What the Vikings do with the third pick in the NFL draft – select offensive tackle Matt Kalil, cornerback Morris Claiborne, wide receiver Justin Blackmon or trade out of the spot – will be determined tonight. The one thing that is nearly certain is, whether the Vikings stay at No. 3 or move back a few spots, they're going to add a blue-chip talent to the team.
For the last couple of months, after it became clear that the first two picks were going to be locked and loaded with quarterbacks Andrew Luck and Robert Griffin III, the name most often linked with the Vikings at No. 3 has been Kalil. The rationale makes sense. The Vikings cut both starting guards – Steve Hutchinson and Anthony Herrera – and 2011 left tackle Charlie Johnson is viewed as a likely candidate to move inside to guard. Drafting Kalil will allow that move to happen, not only upgrading the left tackle position, but also addressing the vacancy at left guard.
Vikings general manager Rick Spielman was asked to respond to a question broached with the belief that everyone thinks he would "be crazy" not to draft Kalil – to which Spielman agreed … sort of. He said that the offensive line is a need, but that the cupboard isn't as bare as some might make it sound.
"Maybe I am (crazy)," Spielman said. "I'm not discounting that fact, but we also know that we do have some young talent. There are some very talented guards in this draft that may be there potentially in the second round that you would look at depending on what happens in the first round. As you put these pieces together, depending on what you do in the first round may dictate what direction you go in the second round."
Spielman has been quite forthcoming with the fact that the Vikings are willing to move off the third pick in order to add at least one additional pick – most likely a third-rounder if they trade back minimally with the Tampa Bay Buccaneers at No. 5 or the St. Louis Rams at No. 6. He has been accused of trying to create competition to move up to the third pick (guilty as charged), but Spielman contends he doesn't have to create competition because, whether the interest of another team is in Kalil, Blackmon, Claiborne or running back Trent Richardson, each is an elite talent at a different position and teams with varying needs would have an interest in each player. As such, the Vikings don't need to muddy the waters to get a team willing to move up. They will do that themselves.
"I don't think we have to create a market because there are enough unique players up there that the teams that have contacted me – I don't know who they want or who they may be targeting – but each of those players (Kalil, Claiborne and Blackmon) and we have talked about (running back) Trent Richardson, who is also a unique talent, (are possible)," Spielman said. "Maybe a team has a specific need for a specific player. I don't know what they're thinking, but I know we have received calls, so they may be intrigued with someone in that No. 3 spot."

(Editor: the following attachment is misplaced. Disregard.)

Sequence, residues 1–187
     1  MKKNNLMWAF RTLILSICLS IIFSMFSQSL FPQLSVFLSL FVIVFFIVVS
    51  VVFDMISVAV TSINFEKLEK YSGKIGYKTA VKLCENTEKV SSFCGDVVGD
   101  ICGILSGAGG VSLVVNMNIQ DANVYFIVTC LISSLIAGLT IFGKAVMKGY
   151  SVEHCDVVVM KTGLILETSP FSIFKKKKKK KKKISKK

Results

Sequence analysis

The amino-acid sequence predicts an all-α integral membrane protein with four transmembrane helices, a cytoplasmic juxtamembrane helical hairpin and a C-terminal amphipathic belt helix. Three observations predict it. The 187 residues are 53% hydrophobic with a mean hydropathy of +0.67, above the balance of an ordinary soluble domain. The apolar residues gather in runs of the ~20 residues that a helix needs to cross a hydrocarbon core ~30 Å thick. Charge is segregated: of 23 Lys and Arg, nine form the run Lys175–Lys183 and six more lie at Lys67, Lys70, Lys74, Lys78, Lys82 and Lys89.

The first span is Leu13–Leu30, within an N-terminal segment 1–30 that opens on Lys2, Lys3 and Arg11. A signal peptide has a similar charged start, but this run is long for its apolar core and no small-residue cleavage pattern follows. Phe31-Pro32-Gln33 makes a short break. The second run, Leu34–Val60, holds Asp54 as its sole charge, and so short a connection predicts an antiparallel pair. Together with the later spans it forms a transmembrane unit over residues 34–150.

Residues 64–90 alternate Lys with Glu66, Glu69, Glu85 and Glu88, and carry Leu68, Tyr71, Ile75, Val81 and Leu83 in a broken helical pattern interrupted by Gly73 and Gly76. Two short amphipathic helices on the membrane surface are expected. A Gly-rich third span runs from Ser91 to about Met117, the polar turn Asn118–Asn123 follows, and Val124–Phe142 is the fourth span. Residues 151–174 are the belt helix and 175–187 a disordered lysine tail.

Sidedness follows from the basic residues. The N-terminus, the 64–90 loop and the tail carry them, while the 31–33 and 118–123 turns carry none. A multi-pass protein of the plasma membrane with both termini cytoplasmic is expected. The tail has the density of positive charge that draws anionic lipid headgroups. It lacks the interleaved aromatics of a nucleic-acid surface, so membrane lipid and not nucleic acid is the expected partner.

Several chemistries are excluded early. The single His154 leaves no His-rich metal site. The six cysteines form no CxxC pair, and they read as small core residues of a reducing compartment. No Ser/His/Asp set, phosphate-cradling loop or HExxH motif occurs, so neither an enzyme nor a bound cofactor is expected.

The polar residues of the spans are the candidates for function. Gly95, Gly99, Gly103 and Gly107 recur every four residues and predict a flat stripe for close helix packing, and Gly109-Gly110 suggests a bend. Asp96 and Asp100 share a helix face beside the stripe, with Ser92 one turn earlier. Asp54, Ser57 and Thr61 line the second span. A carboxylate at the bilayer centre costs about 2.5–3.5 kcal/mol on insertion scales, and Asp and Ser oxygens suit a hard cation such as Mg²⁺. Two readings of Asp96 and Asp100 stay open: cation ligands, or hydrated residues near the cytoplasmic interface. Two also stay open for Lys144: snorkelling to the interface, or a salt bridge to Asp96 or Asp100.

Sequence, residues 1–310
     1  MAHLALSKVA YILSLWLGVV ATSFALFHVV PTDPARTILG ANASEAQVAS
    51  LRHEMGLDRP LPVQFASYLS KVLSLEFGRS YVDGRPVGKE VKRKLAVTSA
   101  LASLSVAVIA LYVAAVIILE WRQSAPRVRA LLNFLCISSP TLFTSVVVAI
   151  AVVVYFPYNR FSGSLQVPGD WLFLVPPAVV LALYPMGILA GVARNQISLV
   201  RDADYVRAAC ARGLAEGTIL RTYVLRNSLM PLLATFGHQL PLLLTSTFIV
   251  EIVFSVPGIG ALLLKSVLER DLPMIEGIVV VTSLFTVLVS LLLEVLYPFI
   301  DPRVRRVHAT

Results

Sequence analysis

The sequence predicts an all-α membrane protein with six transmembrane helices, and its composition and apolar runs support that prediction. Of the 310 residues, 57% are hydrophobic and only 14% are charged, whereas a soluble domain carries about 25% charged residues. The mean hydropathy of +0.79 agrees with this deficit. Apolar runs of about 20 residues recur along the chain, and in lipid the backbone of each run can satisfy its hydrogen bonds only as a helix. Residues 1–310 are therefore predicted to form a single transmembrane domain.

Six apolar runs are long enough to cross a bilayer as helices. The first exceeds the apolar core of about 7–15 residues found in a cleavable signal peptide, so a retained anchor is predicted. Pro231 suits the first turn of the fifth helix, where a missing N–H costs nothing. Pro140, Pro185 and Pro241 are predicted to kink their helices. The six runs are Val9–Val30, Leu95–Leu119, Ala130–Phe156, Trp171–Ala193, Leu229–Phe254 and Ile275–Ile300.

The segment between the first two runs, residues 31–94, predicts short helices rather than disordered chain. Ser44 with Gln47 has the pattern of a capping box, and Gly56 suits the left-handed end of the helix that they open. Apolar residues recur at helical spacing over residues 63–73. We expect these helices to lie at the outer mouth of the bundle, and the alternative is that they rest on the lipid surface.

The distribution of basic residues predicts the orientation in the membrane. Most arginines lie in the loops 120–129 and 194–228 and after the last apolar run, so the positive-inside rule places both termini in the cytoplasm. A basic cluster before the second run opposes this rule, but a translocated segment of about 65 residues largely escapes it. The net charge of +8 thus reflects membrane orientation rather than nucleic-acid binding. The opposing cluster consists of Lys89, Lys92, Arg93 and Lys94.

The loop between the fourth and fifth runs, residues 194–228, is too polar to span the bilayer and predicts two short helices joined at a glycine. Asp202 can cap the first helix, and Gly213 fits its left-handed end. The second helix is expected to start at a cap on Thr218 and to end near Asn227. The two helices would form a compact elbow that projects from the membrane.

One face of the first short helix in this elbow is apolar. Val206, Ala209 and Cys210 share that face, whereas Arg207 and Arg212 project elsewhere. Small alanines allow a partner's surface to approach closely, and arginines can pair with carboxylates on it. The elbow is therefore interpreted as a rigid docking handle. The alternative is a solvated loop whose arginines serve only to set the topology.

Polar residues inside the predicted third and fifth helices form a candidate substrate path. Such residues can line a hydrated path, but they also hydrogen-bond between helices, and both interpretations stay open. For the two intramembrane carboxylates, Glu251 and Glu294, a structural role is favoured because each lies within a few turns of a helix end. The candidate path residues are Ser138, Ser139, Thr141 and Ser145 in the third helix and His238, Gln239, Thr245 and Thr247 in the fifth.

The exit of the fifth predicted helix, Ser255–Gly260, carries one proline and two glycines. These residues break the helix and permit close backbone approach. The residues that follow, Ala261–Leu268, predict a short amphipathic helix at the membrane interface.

While certain players (DT Fletcher Cox, safety Mark Barron and CB Stephon Gilmore to name three) have seen their stock rising sharply in recent days as the draft approaches. The Vikings may have nothing to do with any of those three, since all will be selected after the Vikings are expected to make their first-round selection, but Spielman said the Vikings draft board hasn't seen any sharp increases or drops in talent over the last couple of weeks. Thanks to the input of the coaching staff as to what players they believe would be ideal fits in their own scheme, the only "risers" and "fallers" have been with draft analysts in the media that have been subject to the waxing and waning momentum of some prospects.
"We've had some guys move up and down a little bit, but not someone from one category on our board to another category," Spielman said. "You may feel a little stronger about it and I think that's why it's important to have the coaches in (the process), because the coaches say, ‘Hey, this is how I see this guy fitting within our scheme and why he may have more value here than he may have in another place.'"
When tonight's first round comes to an end, there will be a blue-chip college football player that will be forever linked with the Vikings. That's the legacy of first-round picks – be they Carl Eller or Alan Page or Chris Doleman or Randall McDaniel or Randy Moss or Adrian Peterson on the upside or be they Leo Hayden or D.J. Dozier or Dimitrius Underwood or Troy Williams on the downside.
This will be the first "official" draft in which Spielman will be the last word on the draft. In his employment history with the Vikings, he was part of the Triangle of Authority. Now it's on him. Does he feel more pressure knowing that his stamp is on this year's draft moving forward?
"No, I'm very excited about it," Spielman said. "I know that is my responsibility. My name is on this, but I think my name has been on all of the other drafts in the past and I have the utmost confidence in the work that has been done and I have the utmost confidence in the people that get us prepared for the draft."
John Holler has been writing about the Vikings for more than a decade for Viking Update. Follow Viking Update on Twitter and discuss this topic on our message boards. To become a subscriber to the Viking Update web site or magazine, click here.